Horses are not skeletally mature until they reach four years of age. However, prize money for two-year-old racing continues to climb, making these immature horses a more profitable option, despite the huge risk of injury.
Two-year-old racehorses suffer a high rate of injury due to the thousands of kilos per square centimetre directed downward through their fine legs. They’re forced to train and race this way repeatedly at high speeds and on hard surfaces long before maturity.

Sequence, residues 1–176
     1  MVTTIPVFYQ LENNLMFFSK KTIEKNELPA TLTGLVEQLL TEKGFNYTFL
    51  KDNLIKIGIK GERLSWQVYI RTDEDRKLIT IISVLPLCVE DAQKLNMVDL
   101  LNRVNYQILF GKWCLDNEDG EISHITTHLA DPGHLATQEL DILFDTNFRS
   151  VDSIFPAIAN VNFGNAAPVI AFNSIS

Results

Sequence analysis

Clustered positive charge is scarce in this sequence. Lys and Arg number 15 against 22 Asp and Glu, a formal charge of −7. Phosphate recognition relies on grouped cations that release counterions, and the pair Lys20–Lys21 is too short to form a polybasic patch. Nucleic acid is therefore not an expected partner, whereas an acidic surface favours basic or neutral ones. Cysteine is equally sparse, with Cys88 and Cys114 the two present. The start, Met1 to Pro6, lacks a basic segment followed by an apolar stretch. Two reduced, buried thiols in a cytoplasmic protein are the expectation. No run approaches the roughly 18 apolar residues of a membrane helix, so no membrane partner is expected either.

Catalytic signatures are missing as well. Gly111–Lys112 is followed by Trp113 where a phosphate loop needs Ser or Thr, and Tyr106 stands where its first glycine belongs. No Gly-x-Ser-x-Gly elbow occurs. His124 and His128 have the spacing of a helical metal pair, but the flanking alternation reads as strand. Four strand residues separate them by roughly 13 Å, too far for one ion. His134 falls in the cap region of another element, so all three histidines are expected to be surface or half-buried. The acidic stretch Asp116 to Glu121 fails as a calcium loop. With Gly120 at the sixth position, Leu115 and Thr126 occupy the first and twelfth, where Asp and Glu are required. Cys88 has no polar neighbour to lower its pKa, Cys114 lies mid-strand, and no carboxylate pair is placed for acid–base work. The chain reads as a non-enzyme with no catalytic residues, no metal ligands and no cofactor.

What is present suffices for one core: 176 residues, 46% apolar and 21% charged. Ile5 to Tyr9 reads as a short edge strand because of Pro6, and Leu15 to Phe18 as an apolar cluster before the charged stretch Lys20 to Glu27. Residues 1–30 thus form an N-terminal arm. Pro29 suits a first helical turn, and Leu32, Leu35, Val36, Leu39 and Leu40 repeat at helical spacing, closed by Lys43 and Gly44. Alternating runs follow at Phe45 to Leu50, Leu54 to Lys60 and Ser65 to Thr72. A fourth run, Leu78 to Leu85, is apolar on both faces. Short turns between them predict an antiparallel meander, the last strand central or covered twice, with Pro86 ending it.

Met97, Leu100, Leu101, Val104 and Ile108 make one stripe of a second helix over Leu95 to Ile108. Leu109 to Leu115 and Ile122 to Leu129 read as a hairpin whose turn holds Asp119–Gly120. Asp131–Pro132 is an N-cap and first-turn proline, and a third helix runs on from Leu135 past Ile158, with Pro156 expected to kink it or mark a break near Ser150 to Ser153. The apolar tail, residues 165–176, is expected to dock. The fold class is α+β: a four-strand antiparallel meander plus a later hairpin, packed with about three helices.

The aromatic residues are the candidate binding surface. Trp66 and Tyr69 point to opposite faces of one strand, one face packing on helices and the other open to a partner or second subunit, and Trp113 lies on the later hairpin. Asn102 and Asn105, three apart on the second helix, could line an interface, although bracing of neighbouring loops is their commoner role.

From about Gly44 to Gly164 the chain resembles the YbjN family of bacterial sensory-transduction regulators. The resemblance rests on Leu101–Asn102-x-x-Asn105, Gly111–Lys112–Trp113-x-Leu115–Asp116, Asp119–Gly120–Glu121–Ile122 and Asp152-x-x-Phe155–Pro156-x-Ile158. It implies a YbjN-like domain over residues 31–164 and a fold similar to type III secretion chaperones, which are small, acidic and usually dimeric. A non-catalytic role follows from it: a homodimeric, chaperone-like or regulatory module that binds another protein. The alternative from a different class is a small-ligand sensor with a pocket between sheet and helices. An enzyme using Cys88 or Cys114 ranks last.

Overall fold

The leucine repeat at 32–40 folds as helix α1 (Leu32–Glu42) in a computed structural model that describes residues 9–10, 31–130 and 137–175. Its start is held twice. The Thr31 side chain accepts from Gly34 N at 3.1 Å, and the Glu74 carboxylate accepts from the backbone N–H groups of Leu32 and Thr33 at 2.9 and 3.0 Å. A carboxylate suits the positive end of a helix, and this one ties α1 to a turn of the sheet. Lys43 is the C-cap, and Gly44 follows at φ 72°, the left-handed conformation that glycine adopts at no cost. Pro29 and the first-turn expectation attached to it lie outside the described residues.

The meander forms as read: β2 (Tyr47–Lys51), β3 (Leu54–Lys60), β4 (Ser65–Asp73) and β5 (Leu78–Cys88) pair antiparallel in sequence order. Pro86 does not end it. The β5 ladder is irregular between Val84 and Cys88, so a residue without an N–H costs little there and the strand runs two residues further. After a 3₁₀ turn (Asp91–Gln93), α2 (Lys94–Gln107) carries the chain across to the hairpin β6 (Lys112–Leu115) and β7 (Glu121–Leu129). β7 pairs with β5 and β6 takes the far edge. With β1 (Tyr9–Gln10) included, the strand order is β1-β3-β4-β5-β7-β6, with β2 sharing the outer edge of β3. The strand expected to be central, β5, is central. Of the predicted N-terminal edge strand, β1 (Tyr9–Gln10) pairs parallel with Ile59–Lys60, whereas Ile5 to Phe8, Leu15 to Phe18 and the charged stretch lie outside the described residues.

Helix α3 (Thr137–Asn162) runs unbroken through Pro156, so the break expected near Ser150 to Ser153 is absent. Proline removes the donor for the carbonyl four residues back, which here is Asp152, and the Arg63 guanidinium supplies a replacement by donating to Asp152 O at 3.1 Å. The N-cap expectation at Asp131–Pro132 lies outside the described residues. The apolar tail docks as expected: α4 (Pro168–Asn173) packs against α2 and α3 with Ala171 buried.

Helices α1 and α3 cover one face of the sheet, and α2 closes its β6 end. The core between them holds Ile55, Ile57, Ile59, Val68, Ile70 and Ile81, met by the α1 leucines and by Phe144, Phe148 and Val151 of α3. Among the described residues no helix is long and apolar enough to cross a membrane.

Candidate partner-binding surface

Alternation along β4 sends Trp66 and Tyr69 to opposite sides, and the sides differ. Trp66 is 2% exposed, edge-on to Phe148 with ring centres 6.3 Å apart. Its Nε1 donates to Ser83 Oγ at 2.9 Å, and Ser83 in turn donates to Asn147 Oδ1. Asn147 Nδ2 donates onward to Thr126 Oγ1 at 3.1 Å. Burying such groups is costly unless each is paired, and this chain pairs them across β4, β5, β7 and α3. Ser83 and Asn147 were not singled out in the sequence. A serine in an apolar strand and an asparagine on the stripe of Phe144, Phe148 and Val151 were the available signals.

Most racehorses are retired by the end of their fourth year due to injury, chronic illness or an inability to win in higher classes.
“I think there’s probably a much stronger tendency to have two year old racing nowadays than there used to be……and the lure of prize money. There’s a great incentive to race their horses too young too immature. In the old days, you bought your yearlings, you broke them in, you castrated them, you turned them out. You didn’t think about them until late 2 year old and mostly three year olds. The big money came with three-year-old racing. The current owners want two-year-old racing and I think it’s a pity. I think it’s a pity because it certainly does cause the breakdown of a lot of two year olds.”
– Percy Sykes, horse racing industry vet.